Newswise — On January 11, the federal Centers for Medicare and Medicaid Services announced it would allow states to apply for permission to require Medicaid beneficiaries to work or pursue other 'community engagement' activities such as volunteering, education and caregiving.
A University of Michigan team recently published data in JAMA Internal Medicine from detailed survey of more than 4,000 Michigan residents enrolled in the state's expanded Medicaid program.
It found that nearly half of them already work, and that 11 percent were unable to work. Another 12 percent were students, homemakers or retirees. The remaining 27 percent were not working, but two-thirds of them had a chronic mental or physical health condition, and one quarter of them said this condition interfered with their ability to function on a daily basis.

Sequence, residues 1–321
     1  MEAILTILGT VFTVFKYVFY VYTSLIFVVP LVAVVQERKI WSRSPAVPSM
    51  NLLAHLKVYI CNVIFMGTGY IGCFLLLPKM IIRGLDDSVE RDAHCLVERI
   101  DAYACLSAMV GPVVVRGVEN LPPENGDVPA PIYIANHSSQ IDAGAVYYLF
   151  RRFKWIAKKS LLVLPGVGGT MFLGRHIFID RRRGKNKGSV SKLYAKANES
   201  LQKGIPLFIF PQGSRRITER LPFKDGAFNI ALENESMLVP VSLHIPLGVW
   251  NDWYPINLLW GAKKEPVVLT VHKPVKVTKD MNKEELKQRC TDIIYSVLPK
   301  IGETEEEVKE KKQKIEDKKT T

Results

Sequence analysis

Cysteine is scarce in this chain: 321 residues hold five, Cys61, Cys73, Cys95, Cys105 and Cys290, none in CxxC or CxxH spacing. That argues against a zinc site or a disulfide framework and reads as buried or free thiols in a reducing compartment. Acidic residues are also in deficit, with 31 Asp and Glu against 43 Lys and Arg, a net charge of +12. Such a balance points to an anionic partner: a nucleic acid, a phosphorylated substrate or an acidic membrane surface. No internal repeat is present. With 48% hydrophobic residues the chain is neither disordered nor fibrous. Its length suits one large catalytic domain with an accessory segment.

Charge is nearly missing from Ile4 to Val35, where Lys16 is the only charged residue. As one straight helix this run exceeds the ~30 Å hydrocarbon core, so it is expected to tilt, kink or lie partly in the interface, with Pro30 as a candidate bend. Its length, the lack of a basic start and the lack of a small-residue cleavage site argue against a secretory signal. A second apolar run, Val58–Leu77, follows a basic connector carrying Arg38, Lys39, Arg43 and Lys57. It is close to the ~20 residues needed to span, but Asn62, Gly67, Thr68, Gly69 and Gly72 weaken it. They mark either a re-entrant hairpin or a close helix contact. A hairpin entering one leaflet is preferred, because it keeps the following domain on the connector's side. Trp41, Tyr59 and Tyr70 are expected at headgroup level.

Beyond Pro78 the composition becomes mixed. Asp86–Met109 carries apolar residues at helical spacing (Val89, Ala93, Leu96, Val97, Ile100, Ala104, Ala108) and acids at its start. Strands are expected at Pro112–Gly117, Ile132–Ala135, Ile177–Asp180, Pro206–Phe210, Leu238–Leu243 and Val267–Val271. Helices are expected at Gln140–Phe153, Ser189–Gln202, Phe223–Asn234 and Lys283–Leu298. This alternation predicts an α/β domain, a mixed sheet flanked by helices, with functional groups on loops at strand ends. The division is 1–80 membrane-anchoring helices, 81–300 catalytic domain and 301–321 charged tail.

Lead author Renuka Tipirneni, M.D., M.Sc., a U-M assistant professor of internal medicine, is available to discuss the results and how they might inform the national and state-level discussion about requirements such as those laid out by CMS.
She is part of a team based at the U-M Institute for Healthcare Policy and Innovation that is evaluating Michigan's Medicaid expansion under contract with the state government. For more about that effort, and other U-M research findings related to Medicaid expansion, visit http://ihpi.umich.edu/initiatives/healthy-michigan-plan